So much emphasis is placed on the role of the web portal in the real estate industry. Primarily because of the crazy value of REA, owner of Australia’s most successful web portal. As a matter of fact, realestate.com.au is by far the most successful web portal ‘per capita’ in the world by far. Adding to this is the fact that they have so much disposable funds to re-invest in brand awareness - just look at the Arni campaign. Their capacity to build a brand connection (not a relationship) with the real estate consumer is incredible.
But, any experienced real estate agent knows that there is a lot more to real estate than searching. And, when you look at this properly, what REA are really the best in the world at is monetising an audience. They are world leaders in hiking prices up for premium listings. I’m here to say that the searching process is only a small part of a buyers property cycle, and that the value of REA is comprehensively disproportionate to the role it plays in the industry. I’m not saying that it’s not worth it’s 10 - 12 multiple of earnings, i’m just saying that REA’s value is fundamentally different to the value of the industry, specially when they play such a small role.
In my opinion it should be a tense place to be as an executive or equity holder at that organisation, although they probably don’t feel too tense up there at the top. They see no cap or limit on potential earnings, which is in stark contradiction with what i’m proposing. If you look at the share price since Jan 2014 it has been channelling horizontally since then - despite large increases in revenue. For me this represents a fantastic dichotomy of corporate greed extracting more funds from an industry where the sum of all of it’s constituents (agents) is worth less than the corporate giant. The revenue of REA is dwarfed by the real estate industry itself.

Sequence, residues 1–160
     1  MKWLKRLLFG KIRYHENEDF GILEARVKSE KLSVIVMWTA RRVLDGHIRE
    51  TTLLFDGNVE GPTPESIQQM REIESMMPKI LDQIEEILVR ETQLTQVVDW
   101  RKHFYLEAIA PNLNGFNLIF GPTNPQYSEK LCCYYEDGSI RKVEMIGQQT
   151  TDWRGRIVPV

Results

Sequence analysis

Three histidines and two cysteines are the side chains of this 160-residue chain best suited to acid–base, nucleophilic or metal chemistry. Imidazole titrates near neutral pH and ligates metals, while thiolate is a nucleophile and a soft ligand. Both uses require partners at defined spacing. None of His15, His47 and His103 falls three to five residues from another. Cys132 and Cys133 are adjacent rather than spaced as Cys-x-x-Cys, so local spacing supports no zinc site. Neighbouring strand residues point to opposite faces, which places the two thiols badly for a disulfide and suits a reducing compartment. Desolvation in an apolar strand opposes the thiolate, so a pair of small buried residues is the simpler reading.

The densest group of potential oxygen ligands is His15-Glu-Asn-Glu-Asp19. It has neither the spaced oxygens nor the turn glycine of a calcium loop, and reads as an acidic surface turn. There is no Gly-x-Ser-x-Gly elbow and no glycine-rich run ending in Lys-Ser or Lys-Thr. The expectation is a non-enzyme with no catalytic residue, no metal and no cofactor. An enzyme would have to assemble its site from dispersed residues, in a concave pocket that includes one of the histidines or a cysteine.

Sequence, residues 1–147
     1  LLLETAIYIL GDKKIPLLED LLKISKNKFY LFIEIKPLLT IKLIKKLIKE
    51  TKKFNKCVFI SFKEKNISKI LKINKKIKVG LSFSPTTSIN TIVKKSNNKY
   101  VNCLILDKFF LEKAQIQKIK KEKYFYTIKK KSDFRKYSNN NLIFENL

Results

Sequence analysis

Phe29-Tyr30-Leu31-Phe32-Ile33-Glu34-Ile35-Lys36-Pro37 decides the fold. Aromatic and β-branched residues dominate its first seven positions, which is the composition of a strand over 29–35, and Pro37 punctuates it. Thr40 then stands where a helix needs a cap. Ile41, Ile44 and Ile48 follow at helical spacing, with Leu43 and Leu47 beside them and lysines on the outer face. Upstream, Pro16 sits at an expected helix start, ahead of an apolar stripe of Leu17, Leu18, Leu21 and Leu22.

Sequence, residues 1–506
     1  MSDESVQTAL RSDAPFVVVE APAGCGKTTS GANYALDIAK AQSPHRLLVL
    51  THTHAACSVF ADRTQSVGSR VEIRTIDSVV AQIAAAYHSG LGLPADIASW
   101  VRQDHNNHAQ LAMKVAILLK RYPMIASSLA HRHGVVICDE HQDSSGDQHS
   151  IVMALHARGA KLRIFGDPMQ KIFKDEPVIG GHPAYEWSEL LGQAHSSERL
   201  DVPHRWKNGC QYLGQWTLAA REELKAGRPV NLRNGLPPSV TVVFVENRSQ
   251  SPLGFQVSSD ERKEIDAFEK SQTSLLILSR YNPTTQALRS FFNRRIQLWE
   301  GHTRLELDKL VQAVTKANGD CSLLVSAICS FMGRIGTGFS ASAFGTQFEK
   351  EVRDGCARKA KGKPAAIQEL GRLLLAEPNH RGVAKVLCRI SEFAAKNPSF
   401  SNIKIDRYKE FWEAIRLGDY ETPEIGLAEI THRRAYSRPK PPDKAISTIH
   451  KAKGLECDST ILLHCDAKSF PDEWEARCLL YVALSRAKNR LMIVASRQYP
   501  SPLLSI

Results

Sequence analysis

There is a wave of new technologies being built right now that put the consumer first and provide utility for them to get things done. When you look at how REA monetise their audience more closely, the very act of priority listing placements is anti-consumer and also anti ’social technology’. It actually makes it harder for consumers to find the right property. Also, the very act of searching can be done in any one of dozens of web portals with similar amounts of listings and better website experiences. And then there’s the rise and dominance of mobile devices reportedly up to 60% now…
Priority placements are useless on mobile devices. Soon, the market will wise up to this. It won’t be agents complaining, but vendors when they are signing off on their marketing campaign. It’s just that REA were first to market, have the best domain name and have the biggest budget to engage their customers. But, when you look not too far into the future, buyers will just have to ‘make themselves available’ and searching will cease and the property will find you.
There’s change in the air.